Two Days Earlier
Sam’s eyes welled up as she peered out from her viewpoint on Black Mountain. Glacier Village with all its charm and bustle lay below her to the left, the ski slopes of Mount Blue loomed above the valley on the other side and an endless view of white-capped peaks spread out before her. She struggled with her choice. Every location her eyes rested on was full of rich, wonderful memories, making her decision almost impossible. A lump formed in her throat as warm tears rolled down her wind-chilled cheeks.
She had been avoiding the task for months. As a consequence, her mom’s urn sat neglected, collecting dust next to the battered lounge chair by the fireplace — Elaine Shepherd’s favorite spot. Sam insisted that the place where her mom’s ashes were to be spread would be her decision alone, that she would have to bear the responsibility of ensuring that her mom’s final resting place was perfect. But spreading her ashes would be an acknowledgement that her mom was gone. Forever. And that she was still alive, even though Sam knew deep in her heart that on that day, that bullet had been meant for her.
A loud ring from her satellite phone echoed down the mountain and around the valley, snapping her out of her thoughts. She brushed her cheeks with the back of her glove and cleared her throat. “Hello?”
“Sam? Lorne, here. You still working on installing that new barrier out by Fool’s Bluff? Need any help?”
“No, no. I’m good,” Sam said too quickly. Because of a shortage of volunteers, she had been sent out to block off the avalanche hazard area on her own, but even if there hadn’t been a serious flu outbreak in town, she’d have asked to carry out the task alone. Ever since her mom’s death, Sam preferred solitude, preferred being away from people, their looks, their questions. She had found an escape from villagers in the surrounding wilderness. The mountains always offered her everything she wanted: serenity, nature, happiness, adventure. Most of her happy memories involved the outdoors and almost all were from family backpacking trips. Her mom and dad had taken her out mountaineering even before she could walk, when her dad would strap her to his already bulging backpack and haul her up remote peaks. Every trip had a different destination, but regardless of where they went, the sound of their laughter always echoed through the crisp, clean air.
“Yeah, figured. Sorry to call you on this phone. It’s a bit of an emergency. So, uh, what I’m really calling about — and I hate to ask — I wouldn’t do this if we weren’t in a bit of a fix, Sam. Ryder’s just gone home and Dominique and Rahim called in. They’ve got that nasty flu that’s going around.”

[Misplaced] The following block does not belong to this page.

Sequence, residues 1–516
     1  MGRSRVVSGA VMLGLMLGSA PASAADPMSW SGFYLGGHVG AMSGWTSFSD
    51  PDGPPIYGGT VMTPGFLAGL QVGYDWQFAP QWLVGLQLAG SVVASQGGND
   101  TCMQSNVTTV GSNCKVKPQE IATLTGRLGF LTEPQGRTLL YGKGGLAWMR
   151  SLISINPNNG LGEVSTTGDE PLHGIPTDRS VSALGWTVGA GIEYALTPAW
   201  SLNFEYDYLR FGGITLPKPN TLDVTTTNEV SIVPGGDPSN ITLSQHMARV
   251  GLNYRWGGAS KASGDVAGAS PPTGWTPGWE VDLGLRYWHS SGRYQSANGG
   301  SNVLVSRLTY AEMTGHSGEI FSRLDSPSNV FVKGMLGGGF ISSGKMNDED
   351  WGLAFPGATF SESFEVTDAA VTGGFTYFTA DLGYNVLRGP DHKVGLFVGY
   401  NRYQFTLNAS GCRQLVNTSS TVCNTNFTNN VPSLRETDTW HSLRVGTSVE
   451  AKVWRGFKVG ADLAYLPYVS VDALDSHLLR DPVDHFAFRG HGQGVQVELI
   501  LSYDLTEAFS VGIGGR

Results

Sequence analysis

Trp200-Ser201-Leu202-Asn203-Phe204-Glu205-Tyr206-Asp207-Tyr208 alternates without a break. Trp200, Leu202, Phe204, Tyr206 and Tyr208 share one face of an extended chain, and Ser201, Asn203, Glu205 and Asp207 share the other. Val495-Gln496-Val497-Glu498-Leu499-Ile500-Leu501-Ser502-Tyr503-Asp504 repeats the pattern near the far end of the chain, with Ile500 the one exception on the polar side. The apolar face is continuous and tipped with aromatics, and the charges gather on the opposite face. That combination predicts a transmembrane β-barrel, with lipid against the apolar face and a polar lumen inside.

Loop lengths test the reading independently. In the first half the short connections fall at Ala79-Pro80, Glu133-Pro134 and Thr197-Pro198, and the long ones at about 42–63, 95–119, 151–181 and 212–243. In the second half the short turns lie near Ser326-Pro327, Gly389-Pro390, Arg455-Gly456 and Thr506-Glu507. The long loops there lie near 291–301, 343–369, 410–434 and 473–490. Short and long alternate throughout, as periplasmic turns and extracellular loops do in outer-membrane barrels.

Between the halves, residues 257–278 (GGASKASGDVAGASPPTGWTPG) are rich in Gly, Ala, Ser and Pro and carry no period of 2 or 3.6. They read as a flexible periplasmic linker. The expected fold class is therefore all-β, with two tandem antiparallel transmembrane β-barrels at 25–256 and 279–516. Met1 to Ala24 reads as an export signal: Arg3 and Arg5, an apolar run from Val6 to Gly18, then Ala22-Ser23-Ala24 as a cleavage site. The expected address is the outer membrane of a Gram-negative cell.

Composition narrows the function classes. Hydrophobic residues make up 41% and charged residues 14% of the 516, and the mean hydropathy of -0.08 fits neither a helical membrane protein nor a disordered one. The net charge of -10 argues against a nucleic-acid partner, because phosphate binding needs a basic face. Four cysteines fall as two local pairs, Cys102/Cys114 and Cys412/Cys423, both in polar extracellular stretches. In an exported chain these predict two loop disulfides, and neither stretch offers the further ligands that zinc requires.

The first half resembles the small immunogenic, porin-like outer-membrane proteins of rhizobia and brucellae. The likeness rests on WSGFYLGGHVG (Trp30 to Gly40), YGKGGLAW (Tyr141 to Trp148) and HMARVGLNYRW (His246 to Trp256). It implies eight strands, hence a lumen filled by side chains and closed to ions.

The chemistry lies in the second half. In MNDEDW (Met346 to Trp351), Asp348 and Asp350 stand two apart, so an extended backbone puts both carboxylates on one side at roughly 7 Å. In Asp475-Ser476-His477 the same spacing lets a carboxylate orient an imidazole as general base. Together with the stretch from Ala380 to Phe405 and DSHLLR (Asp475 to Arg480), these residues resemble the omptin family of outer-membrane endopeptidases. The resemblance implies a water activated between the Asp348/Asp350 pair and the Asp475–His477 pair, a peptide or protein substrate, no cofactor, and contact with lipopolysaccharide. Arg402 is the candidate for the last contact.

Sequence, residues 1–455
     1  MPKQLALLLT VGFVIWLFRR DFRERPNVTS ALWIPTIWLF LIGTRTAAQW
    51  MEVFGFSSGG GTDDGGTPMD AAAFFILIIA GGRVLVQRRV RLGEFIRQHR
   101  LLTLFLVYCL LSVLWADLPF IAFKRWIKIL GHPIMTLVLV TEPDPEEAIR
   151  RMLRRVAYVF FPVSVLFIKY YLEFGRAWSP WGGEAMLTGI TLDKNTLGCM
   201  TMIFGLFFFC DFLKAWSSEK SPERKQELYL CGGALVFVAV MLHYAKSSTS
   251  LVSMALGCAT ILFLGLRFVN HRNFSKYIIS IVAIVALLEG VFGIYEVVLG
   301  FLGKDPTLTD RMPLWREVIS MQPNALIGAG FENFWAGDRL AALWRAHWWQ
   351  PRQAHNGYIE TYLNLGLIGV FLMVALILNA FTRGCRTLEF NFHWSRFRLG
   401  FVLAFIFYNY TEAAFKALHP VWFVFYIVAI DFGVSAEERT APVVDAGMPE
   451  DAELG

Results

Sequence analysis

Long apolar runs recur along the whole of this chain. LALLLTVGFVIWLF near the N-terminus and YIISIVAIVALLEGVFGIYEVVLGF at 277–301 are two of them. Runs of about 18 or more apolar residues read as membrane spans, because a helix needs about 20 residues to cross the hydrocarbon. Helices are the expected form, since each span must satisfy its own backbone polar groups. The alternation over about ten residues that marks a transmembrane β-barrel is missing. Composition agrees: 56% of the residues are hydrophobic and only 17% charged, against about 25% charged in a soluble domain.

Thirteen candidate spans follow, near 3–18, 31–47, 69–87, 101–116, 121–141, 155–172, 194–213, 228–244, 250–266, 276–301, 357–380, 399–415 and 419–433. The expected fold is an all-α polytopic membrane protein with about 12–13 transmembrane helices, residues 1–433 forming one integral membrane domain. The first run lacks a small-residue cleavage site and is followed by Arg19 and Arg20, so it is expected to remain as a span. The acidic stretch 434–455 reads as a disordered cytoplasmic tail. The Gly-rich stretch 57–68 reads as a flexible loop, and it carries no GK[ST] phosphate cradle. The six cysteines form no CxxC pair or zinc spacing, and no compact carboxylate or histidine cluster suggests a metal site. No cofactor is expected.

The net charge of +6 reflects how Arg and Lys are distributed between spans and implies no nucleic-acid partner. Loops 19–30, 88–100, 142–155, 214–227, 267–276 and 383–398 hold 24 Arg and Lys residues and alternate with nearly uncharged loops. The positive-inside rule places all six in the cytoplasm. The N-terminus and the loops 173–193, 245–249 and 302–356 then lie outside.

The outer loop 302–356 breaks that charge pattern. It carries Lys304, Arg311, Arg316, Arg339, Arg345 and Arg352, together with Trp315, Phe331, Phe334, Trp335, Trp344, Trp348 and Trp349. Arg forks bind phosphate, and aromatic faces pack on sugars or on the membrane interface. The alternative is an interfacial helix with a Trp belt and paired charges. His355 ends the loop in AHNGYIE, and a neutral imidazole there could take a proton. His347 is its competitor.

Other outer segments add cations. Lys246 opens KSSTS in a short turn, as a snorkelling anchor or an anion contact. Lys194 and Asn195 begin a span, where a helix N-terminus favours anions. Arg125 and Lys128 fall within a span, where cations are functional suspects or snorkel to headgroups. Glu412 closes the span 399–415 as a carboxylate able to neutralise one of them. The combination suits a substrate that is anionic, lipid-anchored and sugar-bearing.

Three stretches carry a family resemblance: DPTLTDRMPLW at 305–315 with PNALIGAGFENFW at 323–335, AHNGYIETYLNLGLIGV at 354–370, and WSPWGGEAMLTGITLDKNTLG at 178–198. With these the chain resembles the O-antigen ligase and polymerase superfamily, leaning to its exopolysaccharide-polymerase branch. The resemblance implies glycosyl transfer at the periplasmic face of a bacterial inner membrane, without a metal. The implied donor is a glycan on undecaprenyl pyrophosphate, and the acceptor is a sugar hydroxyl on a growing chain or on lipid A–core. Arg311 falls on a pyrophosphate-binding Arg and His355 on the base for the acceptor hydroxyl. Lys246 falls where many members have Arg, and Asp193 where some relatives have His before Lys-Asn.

Sam knew what Lorne wanted, but she remained silent. A feeling of dread grew with every word he spoke.
“And you know how much we need the funds this year. The chopper alone! Folks just don’t care about Search and Rescue until it’s their butts on the line. They don’t realize that we’re all volunteers, that our gear isn’t paid for with their tax money. Some people think we work for them!”
“Y’know, the Alpine Survival Challenge is one of our best fundraising events. And orientation is tonight. So with folks out sick and that big storm that might be coming next week, we just can’t postpone it this year,” Lorne continued. “So I’m just going to ask, and of course I totally understand if you can’t, and I’m going to be right up front in telling you that this year’s Challenge is going to be a lot tougher than past years’. Ryder’s idea to justify the bigger fundraising goals this year, eh. Anyway, say ‘no’ if you can’t, but would you consider subbing for Ryder? We really need you, Sam, otherwise I wouldn’t ask. We need to know now, though. Like, right now. We’ve got to get the supplies and we won’t be able to get our deposits back if we cancel too late.”
“Of course I’ll do it, Lorne.”
The annual Alpine Survival Challenge was one of the most popular community events in Glacier Village. People of all ages and fitness abilities participated in teams, competing against one another to test their endurance and outdoor survival skills. There were no prizes other than bragging rights, which was one of the reasons it was always a fun event for everyone.
Sam had participated every year since she was born. Although, until she could walk on her own, the extent of her participation had been limited to being carried around by her dad. This was the only year she had declined.
It wasn’t her first choice of plans for the night, but she couldn’t let Lorne and the group down. No way out of it now, she thought after ending the call with Lorne. She quickly resolved to make a new plan for the night, to try to make the most of the situation. Who knows, she wondered, maybe it could even be fun.
A sudden bone-chilling scream pierced the peaceful silence. Sam’s back jerked straight and she dropped the satellite phone in her hand. It slid into the out-of-bounds area and down, down, down the steep cliff and out of sight. She stared into the white expanse. This wasn’t a good start to the plan.